With the extra flexibility, Ms. Paige recently penned a book: “You Can’t Judge a Cookie By Its Cutter,” though she admits that promoting it has caused some scheduling hiccups over the holidays, when the workdays can be very long.
“We don’t even break for lunch. Well, I don’t,” she admitted. “I’m not really comfortable stopping because I’m always in fear of not getting things done in time.”
Even with 18 hands in the kitchen, the holiday rush can be intense. And for those who want a gingerbread replica of their home, serious pre-ordering is required: no later than mid-October to guarantee a place. She typically allots two weeks for each house to ensure enough time for baking, decorating, and construction.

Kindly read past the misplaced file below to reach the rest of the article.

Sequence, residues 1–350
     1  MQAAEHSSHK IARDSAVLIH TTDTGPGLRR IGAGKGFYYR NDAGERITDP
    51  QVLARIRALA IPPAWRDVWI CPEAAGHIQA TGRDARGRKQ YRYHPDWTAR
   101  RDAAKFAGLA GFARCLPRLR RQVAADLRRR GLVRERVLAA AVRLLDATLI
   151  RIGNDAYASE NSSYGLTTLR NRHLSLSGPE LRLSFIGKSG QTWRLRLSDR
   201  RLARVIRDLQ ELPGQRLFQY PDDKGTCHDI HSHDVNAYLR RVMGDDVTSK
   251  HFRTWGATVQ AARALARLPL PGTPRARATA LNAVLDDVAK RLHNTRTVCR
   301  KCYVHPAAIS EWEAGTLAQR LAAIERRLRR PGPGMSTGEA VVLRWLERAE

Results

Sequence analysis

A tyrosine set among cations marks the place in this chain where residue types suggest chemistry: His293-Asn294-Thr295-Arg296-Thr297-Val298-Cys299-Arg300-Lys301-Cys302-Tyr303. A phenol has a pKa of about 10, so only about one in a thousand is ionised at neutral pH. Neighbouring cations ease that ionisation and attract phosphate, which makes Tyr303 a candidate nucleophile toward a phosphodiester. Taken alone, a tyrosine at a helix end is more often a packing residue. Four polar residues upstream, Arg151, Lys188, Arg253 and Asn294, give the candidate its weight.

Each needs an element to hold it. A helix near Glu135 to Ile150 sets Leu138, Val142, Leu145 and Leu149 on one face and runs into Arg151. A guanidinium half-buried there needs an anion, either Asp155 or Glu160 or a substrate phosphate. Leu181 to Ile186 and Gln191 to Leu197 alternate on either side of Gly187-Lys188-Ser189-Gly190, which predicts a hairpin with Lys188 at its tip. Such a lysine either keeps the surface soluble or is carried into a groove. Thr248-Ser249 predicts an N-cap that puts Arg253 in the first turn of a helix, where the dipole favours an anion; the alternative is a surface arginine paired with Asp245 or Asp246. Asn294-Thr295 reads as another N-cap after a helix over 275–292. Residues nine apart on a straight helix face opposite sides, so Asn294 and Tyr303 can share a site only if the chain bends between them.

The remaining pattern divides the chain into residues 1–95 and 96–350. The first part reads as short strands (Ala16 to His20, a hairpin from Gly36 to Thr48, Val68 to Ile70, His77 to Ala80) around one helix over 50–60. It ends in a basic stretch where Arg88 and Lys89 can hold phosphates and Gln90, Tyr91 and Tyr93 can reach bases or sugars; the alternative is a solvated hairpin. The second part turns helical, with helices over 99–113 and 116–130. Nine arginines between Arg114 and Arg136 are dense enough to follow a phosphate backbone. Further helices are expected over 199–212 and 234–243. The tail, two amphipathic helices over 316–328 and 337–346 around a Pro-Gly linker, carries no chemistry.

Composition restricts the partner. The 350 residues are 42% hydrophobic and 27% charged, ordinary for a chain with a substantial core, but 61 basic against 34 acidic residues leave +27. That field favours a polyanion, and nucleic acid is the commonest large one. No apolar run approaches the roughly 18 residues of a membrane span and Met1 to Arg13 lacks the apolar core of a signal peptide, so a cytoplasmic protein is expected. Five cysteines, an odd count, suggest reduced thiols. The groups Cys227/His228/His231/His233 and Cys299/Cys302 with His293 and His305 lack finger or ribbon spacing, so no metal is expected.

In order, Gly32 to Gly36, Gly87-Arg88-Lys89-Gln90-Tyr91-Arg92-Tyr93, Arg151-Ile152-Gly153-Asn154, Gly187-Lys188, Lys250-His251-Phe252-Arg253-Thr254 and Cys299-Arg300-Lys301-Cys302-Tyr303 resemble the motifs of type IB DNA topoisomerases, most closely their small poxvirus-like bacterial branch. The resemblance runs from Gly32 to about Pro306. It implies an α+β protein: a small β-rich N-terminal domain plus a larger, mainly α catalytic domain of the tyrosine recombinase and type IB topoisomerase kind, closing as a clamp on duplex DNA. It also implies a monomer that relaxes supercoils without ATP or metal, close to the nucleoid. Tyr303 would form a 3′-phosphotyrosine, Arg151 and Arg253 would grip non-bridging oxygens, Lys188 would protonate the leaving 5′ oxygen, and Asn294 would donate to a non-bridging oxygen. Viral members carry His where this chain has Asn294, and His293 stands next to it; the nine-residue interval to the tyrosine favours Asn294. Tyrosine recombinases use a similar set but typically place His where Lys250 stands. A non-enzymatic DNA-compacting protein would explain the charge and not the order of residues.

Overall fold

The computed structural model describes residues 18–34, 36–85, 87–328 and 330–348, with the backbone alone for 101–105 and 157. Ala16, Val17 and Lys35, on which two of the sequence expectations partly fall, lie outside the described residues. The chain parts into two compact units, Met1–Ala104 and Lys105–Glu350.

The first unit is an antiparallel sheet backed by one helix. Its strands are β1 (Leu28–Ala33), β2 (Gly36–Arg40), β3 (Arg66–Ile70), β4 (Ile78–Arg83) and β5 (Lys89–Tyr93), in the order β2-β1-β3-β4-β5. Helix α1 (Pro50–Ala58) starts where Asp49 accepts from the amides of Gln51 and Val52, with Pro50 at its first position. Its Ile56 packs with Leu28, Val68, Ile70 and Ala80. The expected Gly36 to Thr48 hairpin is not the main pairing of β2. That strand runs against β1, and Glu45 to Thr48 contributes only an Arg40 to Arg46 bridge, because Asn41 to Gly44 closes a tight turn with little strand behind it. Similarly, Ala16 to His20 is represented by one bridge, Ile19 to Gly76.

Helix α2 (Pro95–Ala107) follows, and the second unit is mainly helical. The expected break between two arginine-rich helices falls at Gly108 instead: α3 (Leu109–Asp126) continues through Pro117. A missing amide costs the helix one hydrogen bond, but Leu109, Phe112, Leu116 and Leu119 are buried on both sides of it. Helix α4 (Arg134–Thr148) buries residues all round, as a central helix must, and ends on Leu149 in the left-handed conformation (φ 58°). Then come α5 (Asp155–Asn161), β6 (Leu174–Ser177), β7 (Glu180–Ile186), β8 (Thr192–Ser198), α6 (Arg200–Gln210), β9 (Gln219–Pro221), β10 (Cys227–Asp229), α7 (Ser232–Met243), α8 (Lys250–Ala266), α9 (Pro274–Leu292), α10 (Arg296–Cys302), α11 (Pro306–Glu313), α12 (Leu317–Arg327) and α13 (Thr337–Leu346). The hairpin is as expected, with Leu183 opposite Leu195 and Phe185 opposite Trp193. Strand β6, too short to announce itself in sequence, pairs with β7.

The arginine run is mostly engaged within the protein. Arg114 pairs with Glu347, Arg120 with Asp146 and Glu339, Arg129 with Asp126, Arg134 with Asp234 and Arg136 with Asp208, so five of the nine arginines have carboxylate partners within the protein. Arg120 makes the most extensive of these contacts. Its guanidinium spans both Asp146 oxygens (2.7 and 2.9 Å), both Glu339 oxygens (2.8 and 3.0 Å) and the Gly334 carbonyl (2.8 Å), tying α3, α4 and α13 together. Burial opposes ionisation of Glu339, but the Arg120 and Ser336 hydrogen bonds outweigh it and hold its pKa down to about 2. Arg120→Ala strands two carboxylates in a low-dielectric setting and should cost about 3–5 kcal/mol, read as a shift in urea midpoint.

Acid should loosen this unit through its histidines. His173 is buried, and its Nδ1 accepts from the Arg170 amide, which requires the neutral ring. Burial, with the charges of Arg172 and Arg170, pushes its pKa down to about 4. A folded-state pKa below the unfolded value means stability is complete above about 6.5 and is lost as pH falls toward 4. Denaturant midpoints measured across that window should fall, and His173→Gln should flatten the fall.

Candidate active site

The custom house clients are so appreciative of the team’s painstaking efforts that they often send handwritten notes of thanks, which Ms. Paige keeps in a thick folder hidden under a table. Smiling, she recited one of her favorites from memory: “You’re a genius. I’ll spend the rest of the year thinking of appropriate words of praise.”
Thankfully, Ms. Paige now has time for reading the mail, if not yet for lunch—when we visited, all the gingerbread houses had been sent out the previous weekend.